Annie Bananie en Europe

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The hills are alive…on the Isle of Mull! (Part 2)

Because of of the abundant series of events that happened on the Isle of Mull, I wrote a 3000+ word recount of the experience, which you can read here. However, most people will probably find it TL;DR, and so if you just want the summary and the photos, read on! A complete series of photos of this trip can also be found on Facebook 😉


If you haven’t read my first post about the recent trip to the Isle of Mull (the cycling adventure), I suggest you read that first as this post continues from the previous one 🙂 Of course, one post isn’t nearly sufficient to cover the incredible experience, so let’s move on with part 2!

Tobermory and its harbour

As I had mentioned in the previous post, one of the reasons for visiting Mull was to go to the original Tobermory. There is a little place named Tobermory in Canada, which I visited as part of a road trip with my friends four years ago. After finding out the name Tobermory came from a town on Mull, steps away from where I am situated, I had to seize the summer opportunity to go see it for my own. Canadian Tobermory and Scottish Tobermory are quite different, each unique in its own rights. While Canadian Tobermory entertained us with its surrounding attractions like Flowerpot Island and the Grotto, Scottish Tobermory is the only sizeable town on the Isle of Mull and stood out with its vibrant colours and serene air. After my 8-hour biking session, I had Saturday evening and Sunday morning to stroll around the small town, enjoying my walk along the harbour with all remaining strength in my legs, browsing the delicate gift shops on Main Street, and even attending part of a church service on Sunday. Sometimes it’s just nice to get away from it all – the city, the friends, the noise, the familiarity – and to recharge for a bit with a change in scenery 🙂

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The hills are alive…on the Isle of Mull! (Part 1)

Because of of the abundant series of events that happened on the Isle of Mull, I wrote a 3000+ word recount of the experience, which you can read here. However, most people will probably find it TL;DR, and so if you just want the summary and the photos, read on! A complete series of photos of this trip can also be found on Facebook 😉


Summer is short in Scotland, and there are only a small handful of rainless weekends during the summer months suitable for travelling. Knowing this, I had to take advantage of every sunny weekend, because very soon, we’ll be back to 5 degrees and the sun will be setting at 4 pm. After Perth, I decided to continue my discovery of Scotland by visiting some of the islands in the west, starting with…the Isle of Mull!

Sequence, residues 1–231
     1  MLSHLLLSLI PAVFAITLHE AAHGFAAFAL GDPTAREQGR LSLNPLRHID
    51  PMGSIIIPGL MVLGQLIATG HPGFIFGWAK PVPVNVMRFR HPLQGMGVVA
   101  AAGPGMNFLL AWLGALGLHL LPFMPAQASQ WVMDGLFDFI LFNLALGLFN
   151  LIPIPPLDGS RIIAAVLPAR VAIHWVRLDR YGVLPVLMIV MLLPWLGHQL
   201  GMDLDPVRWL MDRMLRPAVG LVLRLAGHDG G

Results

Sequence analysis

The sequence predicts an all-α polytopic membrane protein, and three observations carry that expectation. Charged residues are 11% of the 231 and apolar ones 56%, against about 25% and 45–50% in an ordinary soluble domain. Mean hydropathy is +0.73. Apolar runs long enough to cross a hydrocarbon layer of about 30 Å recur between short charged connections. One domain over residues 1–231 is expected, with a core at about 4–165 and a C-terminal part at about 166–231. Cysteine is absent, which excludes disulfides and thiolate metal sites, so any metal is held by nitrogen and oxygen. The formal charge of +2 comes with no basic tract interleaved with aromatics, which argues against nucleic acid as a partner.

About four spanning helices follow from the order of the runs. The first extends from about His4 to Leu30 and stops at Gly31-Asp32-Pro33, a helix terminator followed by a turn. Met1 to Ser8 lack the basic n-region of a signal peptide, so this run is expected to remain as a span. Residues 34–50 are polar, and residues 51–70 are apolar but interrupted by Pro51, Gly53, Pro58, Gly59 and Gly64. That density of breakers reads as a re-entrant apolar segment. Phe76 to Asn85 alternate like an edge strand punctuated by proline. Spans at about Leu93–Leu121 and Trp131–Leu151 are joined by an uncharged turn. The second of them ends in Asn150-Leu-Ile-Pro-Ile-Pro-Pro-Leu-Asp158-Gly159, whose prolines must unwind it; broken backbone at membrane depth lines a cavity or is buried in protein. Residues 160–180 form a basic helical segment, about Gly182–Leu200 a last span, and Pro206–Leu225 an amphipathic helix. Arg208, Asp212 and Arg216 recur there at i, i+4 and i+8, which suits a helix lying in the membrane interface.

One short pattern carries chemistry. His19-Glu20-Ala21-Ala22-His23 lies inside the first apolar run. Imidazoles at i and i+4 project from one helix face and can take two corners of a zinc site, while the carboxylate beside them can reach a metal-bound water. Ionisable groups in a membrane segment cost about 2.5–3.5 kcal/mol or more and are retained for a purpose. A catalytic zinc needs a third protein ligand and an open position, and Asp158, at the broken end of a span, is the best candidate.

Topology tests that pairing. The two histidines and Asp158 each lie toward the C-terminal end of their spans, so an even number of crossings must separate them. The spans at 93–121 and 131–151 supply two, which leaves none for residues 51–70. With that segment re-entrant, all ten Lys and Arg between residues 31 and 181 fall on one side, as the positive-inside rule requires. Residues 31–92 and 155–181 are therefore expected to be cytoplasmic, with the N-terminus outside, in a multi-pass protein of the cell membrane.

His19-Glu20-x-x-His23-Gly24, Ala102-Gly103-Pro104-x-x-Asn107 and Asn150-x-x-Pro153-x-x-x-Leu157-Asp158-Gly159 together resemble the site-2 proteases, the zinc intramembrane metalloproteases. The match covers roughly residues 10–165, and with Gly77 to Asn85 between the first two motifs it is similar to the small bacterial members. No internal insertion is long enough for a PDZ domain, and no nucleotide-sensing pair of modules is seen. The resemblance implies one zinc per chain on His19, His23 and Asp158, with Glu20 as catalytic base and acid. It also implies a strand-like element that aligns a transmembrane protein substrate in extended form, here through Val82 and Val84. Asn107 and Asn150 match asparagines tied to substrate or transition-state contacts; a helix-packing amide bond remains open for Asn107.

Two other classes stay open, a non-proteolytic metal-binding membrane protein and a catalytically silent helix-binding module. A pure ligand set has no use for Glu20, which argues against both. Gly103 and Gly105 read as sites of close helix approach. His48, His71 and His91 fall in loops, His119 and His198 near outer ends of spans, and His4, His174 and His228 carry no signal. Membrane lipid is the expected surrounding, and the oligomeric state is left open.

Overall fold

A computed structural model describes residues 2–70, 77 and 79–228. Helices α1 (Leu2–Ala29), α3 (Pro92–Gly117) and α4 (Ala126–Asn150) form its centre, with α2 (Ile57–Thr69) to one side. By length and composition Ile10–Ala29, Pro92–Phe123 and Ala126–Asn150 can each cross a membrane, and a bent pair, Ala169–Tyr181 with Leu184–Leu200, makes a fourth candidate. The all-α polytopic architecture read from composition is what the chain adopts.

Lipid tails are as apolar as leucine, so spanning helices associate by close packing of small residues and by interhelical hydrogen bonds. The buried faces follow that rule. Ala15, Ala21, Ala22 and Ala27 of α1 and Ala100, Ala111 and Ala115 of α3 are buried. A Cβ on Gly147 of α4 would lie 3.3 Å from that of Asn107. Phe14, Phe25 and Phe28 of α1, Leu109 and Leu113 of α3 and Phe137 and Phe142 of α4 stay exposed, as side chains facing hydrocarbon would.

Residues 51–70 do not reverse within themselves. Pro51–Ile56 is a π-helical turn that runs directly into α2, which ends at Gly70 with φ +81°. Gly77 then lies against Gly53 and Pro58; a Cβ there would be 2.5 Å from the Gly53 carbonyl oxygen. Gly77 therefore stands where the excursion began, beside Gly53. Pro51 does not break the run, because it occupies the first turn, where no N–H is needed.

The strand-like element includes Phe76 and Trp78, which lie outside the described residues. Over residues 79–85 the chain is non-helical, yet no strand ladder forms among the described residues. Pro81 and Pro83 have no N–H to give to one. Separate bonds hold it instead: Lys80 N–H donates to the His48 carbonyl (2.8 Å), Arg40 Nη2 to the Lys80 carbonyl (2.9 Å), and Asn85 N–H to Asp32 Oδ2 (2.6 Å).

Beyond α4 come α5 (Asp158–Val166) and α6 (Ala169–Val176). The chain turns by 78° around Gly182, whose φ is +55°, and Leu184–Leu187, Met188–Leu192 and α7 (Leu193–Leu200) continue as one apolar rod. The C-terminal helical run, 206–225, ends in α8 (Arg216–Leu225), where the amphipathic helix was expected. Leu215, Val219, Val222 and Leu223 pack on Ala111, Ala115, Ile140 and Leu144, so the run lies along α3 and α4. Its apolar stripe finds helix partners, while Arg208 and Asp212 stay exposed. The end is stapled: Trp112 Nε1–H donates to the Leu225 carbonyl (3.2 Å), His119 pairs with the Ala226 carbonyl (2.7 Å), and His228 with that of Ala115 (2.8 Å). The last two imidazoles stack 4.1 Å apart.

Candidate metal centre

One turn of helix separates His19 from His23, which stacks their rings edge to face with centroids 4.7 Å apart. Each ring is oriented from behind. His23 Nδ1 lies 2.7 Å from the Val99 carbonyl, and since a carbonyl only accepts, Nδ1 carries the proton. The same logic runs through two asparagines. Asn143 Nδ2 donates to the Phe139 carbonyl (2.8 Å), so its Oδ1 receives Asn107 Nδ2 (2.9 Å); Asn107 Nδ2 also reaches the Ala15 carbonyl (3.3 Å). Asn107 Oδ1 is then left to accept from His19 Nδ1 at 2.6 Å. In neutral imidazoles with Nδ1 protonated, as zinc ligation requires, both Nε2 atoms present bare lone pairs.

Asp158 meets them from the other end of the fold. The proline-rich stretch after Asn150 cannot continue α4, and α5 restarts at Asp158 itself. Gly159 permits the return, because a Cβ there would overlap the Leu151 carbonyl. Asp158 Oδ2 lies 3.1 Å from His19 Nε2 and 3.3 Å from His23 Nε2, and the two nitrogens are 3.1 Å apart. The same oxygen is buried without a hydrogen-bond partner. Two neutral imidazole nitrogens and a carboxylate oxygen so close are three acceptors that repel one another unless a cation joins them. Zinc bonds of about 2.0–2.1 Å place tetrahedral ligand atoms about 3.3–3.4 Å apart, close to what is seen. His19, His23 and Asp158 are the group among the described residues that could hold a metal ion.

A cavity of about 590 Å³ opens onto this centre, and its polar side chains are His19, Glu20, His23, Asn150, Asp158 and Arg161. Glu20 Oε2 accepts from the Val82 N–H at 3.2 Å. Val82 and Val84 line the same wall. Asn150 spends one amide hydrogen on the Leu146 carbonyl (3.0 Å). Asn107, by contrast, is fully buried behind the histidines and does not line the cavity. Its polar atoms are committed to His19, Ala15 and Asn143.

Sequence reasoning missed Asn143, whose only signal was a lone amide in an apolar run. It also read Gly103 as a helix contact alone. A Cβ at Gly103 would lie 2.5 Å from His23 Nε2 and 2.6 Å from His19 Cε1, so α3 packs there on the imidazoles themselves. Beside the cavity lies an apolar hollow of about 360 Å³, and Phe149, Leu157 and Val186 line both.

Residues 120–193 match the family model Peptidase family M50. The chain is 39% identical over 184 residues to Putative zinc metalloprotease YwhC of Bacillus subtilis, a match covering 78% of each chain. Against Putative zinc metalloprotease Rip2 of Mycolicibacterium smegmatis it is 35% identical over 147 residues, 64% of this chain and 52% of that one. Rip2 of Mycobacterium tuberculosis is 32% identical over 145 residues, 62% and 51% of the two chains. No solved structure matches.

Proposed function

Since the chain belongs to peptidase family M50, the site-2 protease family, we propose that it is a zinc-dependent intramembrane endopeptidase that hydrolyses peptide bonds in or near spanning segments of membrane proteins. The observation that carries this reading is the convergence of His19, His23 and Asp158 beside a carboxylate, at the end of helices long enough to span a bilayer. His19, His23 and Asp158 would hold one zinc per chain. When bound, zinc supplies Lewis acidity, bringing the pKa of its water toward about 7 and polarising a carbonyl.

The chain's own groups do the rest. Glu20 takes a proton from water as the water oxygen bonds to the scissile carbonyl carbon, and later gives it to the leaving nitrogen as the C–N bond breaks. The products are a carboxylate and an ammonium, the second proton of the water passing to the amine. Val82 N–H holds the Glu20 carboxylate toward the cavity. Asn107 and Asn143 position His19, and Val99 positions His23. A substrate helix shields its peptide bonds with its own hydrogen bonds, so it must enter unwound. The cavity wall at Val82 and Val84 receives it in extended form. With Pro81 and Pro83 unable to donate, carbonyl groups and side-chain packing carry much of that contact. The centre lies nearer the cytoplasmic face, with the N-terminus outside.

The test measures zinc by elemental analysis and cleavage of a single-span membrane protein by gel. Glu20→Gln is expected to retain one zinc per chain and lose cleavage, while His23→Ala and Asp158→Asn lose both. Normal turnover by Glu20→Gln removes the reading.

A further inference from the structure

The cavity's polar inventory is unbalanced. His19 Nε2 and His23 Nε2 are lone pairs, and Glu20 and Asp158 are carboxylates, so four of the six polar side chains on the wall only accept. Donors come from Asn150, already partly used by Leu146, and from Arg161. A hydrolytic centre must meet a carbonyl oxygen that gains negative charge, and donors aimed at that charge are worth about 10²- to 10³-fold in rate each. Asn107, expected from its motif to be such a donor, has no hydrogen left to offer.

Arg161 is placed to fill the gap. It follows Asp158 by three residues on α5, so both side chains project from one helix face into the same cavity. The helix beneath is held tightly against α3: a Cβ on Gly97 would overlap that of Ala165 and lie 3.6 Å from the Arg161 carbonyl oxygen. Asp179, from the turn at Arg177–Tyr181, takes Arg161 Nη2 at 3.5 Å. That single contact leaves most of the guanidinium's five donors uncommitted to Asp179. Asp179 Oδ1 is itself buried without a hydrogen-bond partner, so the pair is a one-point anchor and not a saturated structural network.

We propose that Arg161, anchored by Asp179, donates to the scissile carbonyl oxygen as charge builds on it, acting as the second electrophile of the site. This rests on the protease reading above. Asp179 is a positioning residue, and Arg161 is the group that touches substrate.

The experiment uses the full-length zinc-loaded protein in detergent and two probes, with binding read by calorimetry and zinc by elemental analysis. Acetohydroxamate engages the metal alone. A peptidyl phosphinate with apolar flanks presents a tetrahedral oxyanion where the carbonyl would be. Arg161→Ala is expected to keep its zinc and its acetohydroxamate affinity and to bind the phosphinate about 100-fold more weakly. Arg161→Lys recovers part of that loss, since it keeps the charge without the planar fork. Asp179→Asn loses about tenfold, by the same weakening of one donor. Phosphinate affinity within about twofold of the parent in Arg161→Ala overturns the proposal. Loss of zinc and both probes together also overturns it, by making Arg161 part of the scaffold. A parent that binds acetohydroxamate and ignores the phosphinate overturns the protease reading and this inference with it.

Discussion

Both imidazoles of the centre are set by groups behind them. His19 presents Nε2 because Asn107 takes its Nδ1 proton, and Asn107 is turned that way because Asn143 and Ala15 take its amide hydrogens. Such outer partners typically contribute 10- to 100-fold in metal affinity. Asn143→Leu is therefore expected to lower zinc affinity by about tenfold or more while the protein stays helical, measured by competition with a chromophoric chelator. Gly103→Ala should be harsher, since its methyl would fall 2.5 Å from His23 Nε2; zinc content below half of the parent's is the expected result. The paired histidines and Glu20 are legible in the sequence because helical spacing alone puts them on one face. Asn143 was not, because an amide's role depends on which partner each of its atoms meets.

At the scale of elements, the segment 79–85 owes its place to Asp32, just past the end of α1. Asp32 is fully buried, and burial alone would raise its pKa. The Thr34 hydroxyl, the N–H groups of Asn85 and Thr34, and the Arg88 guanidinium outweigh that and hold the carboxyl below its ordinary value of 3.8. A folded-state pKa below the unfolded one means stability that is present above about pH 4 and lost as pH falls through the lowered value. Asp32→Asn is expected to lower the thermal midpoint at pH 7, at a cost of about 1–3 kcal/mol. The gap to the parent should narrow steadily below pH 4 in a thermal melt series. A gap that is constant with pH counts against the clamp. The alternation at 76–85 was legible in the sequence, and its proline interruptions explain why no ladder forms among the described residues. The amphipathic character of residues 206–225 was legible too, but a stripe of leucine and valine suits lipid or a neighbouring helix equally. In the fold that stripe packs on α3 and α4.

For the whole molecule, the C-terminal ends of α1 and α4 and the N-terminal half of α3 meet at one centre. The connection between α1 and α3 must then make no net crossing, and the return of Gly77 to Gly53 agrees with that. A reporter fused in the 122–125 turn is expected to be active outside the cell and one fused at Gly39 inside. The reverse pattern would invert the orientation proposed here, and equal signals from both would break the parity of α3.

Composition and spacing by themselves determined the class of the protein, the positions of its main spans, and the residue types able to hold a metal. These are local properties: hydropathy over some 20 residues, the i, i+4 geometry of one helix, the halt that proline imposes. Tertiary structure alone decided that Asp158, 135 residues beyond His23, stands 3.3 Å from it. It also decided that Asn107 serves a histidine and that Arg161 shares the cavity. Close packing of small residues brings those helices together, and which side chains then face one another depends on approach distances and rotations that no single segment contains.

My main motivation of going to Mull was to go to the original Tobermory and Calgary. Tobermory is a town 300 km north of Toronto, and Calgary, as you probably know, is one of the largest cities in Canada, located in the province of Alberta. It so happened that the names of both of these places were derived from places that exist…on the Isle of Mull in Scotland! Feeling like an adventure, I was ready to roam around Mull (or well, at least half of Mull), all by myself.

Getting to Mull

Being a ferry ride away from Oban, which is 3 hours away from Glasgow by train, Mull made a perfect weekend trip. As the train headed toward Oban, which began to appear soon after it reached the outskirts of Glasgow, I began to be amazed at the number of mountains (and sheep, elaborated in the next post) in the country. How intriguing you are, Scotland.

As transport on Mull would be problematic without a car and with very limited public transit available, I decided on a method of transportation that is quite new to me – cycling! And it wasn’t normal cycling either – I rented an electric bike on the island, knowing that I would have conquer some tedious hill. Not being the fittest person out there, I definitely needed the extra power boost provided by the battery and in retrospect, I couldn’t have done it without the electric bike! My route is illustrated below (map obtained here):

I began at Tobermory, going down to Dervaig, Calgary, then south and east to Salen and finally back up to Tobermory. Evidently, this was only the top part of the island. I wasn’t even going to get close to Ben More, one of only two island Munros (a Munro is a mountain in Scotland with a height over 3000 ft, the other island Munro being on Skye) slightly to the south of the loop. The route consisted of several toiling climbs, but also segments of fantastic freewheeling after the climbs, for a grand total of 42 miles – that is 68 kilometres! Was I ready for this? Did I really know what I was getting myself into?

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